U.S. Code (U.S.C.) (USC)
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Following the assignment of a public-law number and statutory citation, and the publication of a slip law, the House of Representatives’ Office of Law Revision Counsel, working largely under the auspices of the Speaker of the House, organizes those public laws that are “general and permanent” into the United States Code, popularly referred to as the U.S. Code or just the Code. Unlike the sequential organization scheme of the Statutes at Large, all laws in the U.S. Code are organized by subject matter. The user can readily understand what is current law by checking the Code; all cumulative changes in federal law are reflected in the Code.
The U.S. Code is divided into fifty-four subject titles, and each title is divided into sections. Sections in a title might be grouped as subtitles, chapters, subchapters, parts, subparts, or divisions. Some titles also have appendices. The Office of the Law Revision Counsel maintains the USC. (See “Links to Current and Recently Completed Positive Law Codification Projects” on the Law Revision Counsel’s web site.
Those titles enacted into positive law by Congress are legal evidence of the law contained in those titles (1 U.S.C. § 204). In legislative drafting, amendments to existing law are drafted to positive law, which explains why some legislation amends statutes while other legislation amends the U.S. Code.
Introduction to the United States Code
A consolidation and codification of the general and permanent laws of the United States arranged by subject under 50 titles, the first six dealing with general or political subjects, and the other 44 alphabetically arranged from agriculture to war. The U.S Code is updated annually, and a new set of bound volumes is published every six years. Available online from various sources, including Office of the Law Revision Counsel, U.S. House of Representatives, FDSys (GPO), Govinfo.gov, and Legal Information Institute.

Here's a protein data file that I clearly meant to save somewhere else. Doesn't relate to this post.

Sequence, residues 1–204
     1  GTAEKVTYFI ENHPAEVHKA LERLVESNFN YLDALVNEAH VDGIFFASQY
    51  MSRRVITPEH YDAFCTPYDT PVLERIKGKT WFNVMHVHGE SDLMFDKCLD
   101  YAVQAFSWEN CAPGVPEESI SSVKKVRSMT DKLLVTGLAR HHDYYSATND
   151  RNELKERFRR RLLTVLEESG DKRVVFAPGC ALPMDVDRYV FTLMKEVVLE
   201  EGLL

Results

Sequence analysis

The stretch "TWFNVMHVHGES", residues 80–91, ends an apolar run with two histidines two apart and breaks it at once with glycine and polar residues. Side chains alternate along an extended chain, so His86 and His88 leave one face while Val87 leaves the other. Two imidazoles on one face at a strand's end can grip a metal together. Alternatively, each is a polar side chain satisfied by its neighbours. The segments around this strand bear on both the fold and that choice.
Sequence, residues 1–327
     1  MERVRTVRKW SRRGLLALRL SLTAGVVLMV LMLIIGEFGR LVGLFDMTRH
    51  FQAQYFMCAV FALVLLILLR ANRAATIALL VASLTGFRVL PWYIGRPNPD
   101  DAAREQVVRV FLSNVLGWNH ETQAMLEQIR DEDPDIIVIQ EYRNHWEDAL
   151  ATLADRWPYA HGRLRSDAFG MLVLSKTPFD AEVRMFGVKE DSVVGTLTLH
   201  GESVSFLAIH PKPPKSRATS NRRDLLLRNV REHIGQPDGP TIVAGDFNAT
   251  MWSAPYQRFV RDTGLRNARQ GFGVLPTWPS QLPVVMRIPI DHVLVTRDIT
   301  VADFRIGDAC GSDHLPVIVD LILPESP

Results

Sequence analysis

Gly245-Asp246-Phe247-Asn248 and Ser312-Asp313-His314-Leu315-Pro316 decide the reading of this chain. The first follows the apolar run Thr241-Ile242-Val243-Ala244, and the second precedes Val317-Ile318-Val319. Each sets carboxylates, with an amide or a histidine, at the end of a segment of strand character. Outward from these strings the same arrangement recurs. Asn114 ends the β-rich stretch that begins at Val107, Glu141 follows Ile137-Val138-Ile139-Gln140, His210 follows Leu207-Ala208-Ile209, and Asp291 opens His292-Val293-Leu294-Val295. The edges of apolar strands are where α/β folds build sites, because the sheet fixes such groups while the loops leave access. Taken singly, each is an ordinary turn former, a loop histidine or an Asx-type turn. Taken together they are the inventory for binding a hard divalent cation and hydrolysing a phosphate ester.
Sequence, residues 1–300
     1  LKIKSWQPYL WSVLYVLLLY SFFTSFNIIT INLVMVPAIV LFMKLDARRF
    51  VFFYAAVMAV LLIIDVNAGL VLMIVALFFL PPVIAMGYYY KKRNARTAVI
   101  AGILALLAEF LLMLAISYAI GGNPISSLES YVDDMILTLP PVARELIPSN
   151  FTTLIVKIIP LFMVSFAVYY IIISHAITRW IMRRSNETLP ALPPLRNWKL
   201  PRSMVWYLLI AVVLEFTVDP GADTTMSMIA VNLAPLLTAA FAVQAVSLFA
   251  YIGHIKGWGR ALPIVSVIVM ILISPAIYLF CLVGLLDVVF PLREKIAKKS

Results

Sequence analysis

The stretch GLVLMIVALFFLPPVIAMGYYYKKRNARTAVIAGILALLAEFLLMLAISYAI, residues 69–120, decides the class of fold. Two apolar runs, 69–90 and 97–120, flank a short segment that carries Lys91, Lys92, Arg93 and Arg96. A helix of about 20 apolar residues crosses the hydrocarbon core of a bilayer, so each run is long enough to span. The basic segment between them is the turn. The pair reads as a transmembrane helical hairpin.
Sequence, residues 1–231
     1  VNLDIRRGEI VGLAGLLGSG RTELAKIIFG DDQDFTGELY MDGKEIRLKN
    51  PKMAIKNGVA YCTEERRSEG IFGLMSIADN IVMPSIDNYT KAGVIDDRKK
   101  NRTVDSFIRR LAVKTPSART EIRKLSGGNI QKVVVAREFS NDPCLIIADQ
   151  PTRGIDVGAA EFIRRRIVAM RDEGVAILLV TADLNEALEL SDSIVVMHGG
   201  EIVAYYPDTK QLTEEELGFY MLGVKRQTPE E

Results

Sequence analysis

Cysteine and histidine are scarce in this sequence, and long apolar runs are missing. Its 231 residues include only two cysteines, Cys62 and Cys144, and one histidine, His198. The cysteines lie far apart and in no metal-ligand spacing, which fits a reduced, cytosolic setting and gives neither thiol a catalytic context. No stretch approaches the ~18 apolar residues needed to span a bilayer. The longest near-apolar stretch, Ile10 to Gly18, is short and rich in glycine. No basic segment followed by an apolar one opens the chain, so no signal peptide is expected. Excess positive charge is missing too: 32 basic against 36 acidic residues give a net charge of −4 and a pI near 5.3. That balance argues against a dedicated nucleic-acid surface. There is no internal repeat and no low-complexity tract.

The U.S. Code does not include regulations issued by executive branch agencies, decisions of the Federal courts, treaties, or laws enacted by State or local governments. Regulations issued by executive branch agencies are available in the Code of Federal Regulations. Proposed and recently adopted regulations may be found in the Federal Register.
Also see Official Title / Short Title / Popular Title / Popular Name; Slip Law; Statutes at Large; § 4.110 Administrative Offices of the House, § 9.70 Laws and Their Codification, § 9.73 Excerpt from the U.S. Code, in Congressional Deskbook.
- U.S. Code – Office of the Law Revision Counsel, U.S. House of Representatives
- U.S. Code – FDSys (GPO)
- United States Code – Govinfo.gov
- U.S. Code – Legal Information Institute (LII)
- Table of Popular Names – Cornell Legal Information Institute (LII)
- “Federal Statutes: What They Are and Where to Find Them,” CRS Report RL30812 (10-page PDF)
- The Congressional Review Act (CRA) (CongressionalGlossary.com)
- “The Congressional Review Act: Determining Which ‘Rules’ Must Be Submitted to Congress,” CRS Report R45248 (49-page PDF)
- “From Slip Law to United States Code: A Guide to Federal Statutes for Congressional Staff,” CRS Report R45190 (17-page PDF)
- “Legislative Branch: Fiscal Year 2018 Appropriations,” CRS Report R44899 (43-page PDF)
- “Legislative Research for Congressional Staff: How to Find Documents and Other Resources,” CRS Report R43434 (23-page PDF)
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CongressionalGlossary.com, from TheCapitol.Net
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